Why childhood cancer awareness month matters…

This month is Childhood Cancer Awareness month. It’s a cause that hits really close to home to me because it hit my home as a first time new mom. I wrote about our experiences last September. At that point we were just 2 months into our son, Charlie’s, treatment. If you’d like feel free to read my blog post from last year, but I will briefly summarize our son’s diagnosis.

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My son was born May 5, 2013 – healthy, normal, happy baby boy. At 6 weeks old I started noticing a strange glow in his eye in certain lighting. It was just a flash, and very hard to replicate. We also noticed a strange glow in his eye while taking pictures of him with the flash on. It glowed white instead of the normal red. Call it mother’s intuition, the prodding of the Holy Spirit (I think both), but we made an appointment with a specialist at Riley Children’s hospital. July 19th, 2013 was the day our world was turned upside down. We were told that our 11 week old baby had Retinoblastoma (a rare eye cancer… read more about by clicking). A level D tumor in his right eye (second to the largest). Typically they would have removed his eye, but they felt he was too young. Our only other option was chemo. Hearing the news, and wondering what the next few months would hold for our son was the most gut-wrenching pain I’ve ever experienced. The next week was filled with an MRI, an eye exam under anesthesia, central line placement, and two days of chemo. We were also given a crash course on central line care which was incredibly intense, especially for two people with no medical background. If a central line is not cared for properly, it could cause a fatal infection for someone especially with virtually no immune system. So, that’s where my last post left off. We were new to this cancer parent club, but beginning to get our feet under us.

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At the end of September, Charlie had his first exam under anesthesia since beginning treatment. At our last visit we were told Charlie had a 0% chance of keeping his eye, his retina had fully detached, and therefore he wouldn’t ever have vision in that eye. We were just buying time to keep the cancer at bay until he was old enough to have his eye removed. Well, the exam in September told a much different story. His tumor had shrunk dramatically and his retina spontaneously reattached!!! This was an amazing miracle! There is no medical explanation for retina reattachment. The only explanation I have is God. This was incredible news, but we still had a long road ahead of us.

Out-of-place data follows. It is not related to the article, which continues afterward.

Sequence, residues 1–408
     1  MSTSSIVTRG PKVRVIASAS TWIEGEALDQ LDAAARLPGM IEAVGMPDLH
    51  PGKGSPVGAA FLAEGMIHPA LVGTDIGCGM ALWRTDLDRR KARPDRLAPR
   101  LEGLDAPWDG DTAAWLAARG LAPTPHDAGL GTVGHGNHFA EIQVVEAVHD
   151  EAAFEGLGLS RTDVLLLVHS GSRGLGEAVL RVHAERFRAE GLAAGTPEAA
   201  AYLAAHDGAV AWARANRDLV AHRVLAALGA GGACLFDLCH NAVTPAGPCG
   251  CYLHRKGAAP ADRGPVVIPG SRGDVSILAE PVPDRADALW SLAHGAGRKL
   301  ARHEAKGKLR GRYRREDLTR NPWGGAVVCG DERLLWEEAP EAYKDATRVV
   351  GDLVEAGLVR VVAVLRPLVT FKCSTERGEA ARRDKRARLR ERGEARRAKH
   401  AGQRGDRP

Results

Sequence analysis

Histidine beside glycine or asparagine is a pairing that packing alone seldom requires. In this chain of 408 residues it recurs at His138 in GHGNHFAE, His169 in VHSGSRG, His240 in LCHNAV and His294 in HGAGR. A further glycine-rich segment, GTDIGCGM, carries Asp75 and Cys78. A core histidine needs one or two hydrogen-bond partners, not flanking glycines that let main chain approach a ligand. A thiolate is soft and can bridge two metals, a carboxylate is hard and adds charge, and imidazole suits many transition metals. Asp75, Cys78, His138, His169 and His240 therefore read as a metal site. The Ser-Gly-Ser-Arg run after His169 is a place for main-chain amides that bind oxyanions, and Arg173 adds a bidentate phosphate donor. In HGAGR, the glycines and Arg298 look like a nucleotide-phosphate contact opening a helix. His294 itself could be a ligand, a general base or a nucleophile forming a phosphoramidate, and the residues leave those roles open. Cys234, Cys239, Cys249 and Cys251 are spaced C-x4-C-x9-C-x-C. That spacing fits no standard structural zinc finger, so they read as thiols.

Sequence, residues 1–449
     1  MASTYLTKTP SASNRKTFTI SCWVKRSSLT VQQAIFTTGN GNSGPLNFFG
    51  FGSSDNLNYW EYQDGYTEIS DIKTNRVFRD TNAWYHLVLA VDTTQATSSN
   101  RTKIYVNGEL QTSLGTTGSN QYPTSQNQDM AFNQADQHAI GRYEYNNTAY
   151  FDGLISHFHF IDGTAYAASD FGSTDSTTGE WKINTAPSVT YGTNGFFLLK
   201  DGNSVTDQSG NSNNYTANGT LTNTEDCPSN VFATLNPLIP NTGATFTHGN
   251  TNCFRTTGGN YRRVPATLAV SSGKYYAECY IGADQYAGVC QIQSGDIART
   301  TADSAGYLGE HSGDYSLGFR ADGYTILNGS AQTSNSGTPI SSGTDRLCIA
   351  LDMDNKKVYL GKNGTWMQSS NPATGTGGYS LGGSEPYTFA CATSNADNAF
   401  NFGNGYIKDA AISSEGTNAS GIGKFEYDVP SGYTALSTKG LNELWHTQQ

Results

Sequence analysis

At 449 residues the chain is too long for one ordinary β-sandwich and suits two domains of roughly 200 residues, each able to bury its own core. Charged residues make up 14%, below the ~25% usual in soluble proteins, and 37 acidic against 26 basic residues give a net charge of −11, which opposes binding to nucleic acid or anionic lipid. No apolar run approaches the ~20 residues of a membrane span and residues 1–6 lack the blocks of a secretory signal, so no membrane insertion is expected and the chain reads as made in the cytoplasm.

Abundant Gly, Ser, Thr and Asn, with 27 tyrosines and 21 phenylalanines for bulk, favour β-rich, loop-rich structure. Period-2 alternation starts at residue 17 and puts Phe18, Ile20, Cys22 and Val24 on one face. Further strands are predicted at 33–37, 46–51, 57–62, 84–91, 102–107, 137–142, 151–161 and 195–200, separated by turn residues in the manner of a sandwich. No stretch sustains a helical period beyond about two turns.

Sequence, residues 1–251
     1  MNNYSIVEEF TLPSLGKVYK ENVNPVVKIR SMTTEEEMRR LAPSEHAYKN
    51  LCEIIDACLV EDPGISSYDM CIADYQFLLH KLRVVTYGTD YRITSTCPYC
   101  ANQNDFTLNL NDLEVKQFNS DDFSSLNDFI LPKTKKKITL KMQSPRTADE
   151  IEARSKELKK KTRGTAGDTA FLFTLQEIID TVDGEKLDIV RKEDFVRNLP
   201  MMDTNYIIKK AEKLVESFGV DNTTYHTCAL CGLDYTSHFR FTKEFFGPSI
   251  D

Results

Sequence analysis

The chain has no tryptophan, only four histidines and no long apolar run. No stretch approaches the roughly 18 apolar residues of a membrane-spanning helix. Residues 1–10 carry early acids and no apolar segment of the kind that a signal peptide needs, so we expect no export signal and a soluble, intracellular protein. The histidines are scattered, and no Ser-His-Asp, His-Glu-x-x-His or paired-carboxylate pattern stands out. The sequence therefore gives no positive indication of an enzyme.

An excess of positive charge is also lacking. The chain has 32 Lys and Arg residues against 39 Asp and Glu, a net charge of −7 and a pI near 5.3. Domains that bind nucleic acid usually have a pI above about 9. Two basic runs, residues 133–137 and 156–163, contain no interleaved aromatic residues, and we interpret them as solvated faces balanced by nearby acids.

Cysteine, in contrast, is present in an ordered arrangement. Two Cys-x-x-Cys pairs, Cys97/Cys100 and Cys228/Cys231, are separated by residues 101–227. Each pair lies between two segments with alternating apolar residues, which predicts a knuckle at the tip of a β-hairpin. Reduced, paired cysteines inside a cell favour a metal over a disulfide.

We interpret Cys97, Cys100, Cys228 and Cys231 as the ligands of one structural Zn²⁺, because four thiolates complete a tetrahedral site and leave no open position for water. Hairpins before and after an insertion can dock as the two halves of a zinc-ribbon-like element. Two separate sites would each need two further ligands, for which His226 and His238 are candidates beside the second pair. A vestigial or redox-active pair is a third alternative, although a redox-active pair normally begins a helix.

Our next hurdle was genetic testing. There are two kinds of retinoblastoma: unilateral (one eye/typically not genetic) and bilateral (both eyes/genetic/more aggressive/possibility of sarcoma type cancers in the future). We had the genetic testing done, and it came back that he does not carry the RB1 gene! Such another amazing praise and another huge sigh of relief!

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The next few months brought a total of 6 rounds of chemo, 11 blood/platelet transfusions, and 73 – three hour long infusions pumped through his central line at home. Amazingly Charlie never had any fevers, infections or colds. That is pretty much unheard of when someone is receiving chemo. Charlie also had very minimal side-effects of from the chemo, just threw up a handful of times. God was really protecting this little guy. The time went by fairly fast even though we were homebound. Scott, my husband, would still go to work and the grocery store for us, but that was it except for Dr.’s appointments. Charlie and I never left the house for 6 months. People have asked, “How could you do that?” “That must have been so hard”. It was, but it wasn’t. When you are faced with the alternative that your son could be admitted to the hospital with a life-threatening infection or cold, suddenly Target runs become less important. It was worth it to protect him. I also can say for the most part, our time was joyful. We did have moments of tears, anxieties, frustrations, and self-pity, but I can honestly say it was very minimal. Again, the only explanation I have is God. How could one be joyful in a time so dark as this?